The Tainonaíki Alphabet was created by Puerto Rican linguist, polyglot, and indigenous rights activist Javier A. Hernández to support and strengthen the modern Taino language, called Tainonaíki, that he reconstructed and revitalized in 2019. Javier is an enrolled member of the AraYeke Yukayek Taino Indigenous Community, which has adopted Tainonaíki as their official indigenous language.
The Tainonaíki Alphabet is an alphabet-abjad hybrid where vowels are represented as diacritical marks, yet have the status of full standalone letters along with consonants. Although phonetically, structurally, and visually intended for Tainonaíki, the Tainonaíki Alphabet is versatile and can also be used to write in Spanish and English, if needed.
The Tainonaíki Alphabet, as the co-official written form of the Tainonaíki language (along with the Latin Alphabet), was greatly modeled and influenced by the Naguaké Taino Pictographic Alphabet, various Taino petroglyphs, the Cherokee Syllabary, and Unified Canadian Aboriginal Syllabics currently used to write other indigenous languages such as Ojibwe, Cree, Inuktitut, Naskapi, Siksika, Chippewa, and Athabaskan languages such as Dakelh, Slavey, Dogrib, and Dane-zaa, among others.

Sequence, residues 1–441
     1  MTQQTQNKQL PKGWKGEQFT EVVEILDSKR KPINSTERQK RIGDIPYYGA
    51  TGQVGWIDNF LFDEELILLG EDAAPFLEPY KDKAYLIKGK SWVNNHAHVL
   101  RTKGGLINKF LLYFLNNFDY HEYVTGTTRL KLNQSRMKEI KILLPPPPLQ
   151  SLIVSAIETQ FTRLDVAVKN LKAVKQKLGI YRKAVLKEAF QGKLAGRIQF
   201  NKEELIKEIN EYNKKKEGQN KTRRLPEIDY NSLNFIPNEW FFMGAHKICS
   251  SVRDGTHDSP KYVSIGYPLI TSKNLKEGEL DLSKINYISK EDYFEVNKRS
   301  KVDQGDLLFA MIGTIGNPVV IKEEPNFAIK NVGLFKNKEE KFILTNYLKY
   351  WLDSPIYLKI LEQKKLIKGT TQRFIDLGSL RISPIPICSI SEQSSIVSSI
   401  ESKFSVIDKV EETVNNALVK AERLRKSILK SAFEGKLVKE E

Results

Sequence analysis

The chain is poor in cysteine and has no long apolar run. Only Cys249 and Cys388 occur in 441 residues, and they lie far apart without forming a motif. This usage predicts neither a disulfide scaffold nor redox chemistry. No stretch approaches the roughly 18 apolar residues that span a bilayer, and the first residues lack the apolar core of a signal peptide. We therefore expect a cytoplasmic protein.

The Tainonaíki Alphabet, as a new, unique, indigenous, and Pan-Taino script, is intended to be easy to learn, read, and write, characteristics that will promote literacy, linguistic development, indigenous revitalization, and its usage among modern Taino peoples, others who wish to learn Tainonaíki, and within social, family, cultural, academic, and political spheres of life.
Javier currently participates in the Taino cultural and linguistic resurgence movement that seeks to revive the lost culture, language, and traditions of his Taino ancestors. Language, of course, plays a very important part of this recovery process and many modern Tainos hope to reestablish Taino as a spoken language (via Tainonaiki). Javier feels that this process of Taino language recovery and rebirth would be better served if Tainonaiki had its own native script, thus the development and use of the modern Tainonaiki Alphabet.
Apúshua aránagu jemeíwa táshi óta wánawa ábo japúlima óta pansawánagu. Najak’agáma ekixíjira óta goízbaná óta toká kojutá ábo wanéya aránagu alú goíz oría ro’naboríkajat.
(Artíkulo 1 oría Banajíyaluwát Atabaríju oría Ará Pansawánagu)
All human beings are born free and equal in dignity and rights. They are endowed with reason and conscience and should act towards one another in a spirit of brotherhood.
(Article 1 of the Universal Declaration of Human Rights)
Axíjira, boríkua, Najak’busiká-itpá ayawá! Axíjira, toká jekísa sabárawa! Ináka roarát, mat’guatú Bik’ât matunaí? Guaríko! Guak’toká-iná tayno canyon’ât guátu. Guak’axéka barakutáshi, Guak’ât maxétekoá Guak’busiká. Guak’ibá, boríkuanagu, Guak’ibá jolú. Barakutáshi Guak’úkaja. Barakutáshi, Barakutáshi! Barakutáshi, Barakutáshi!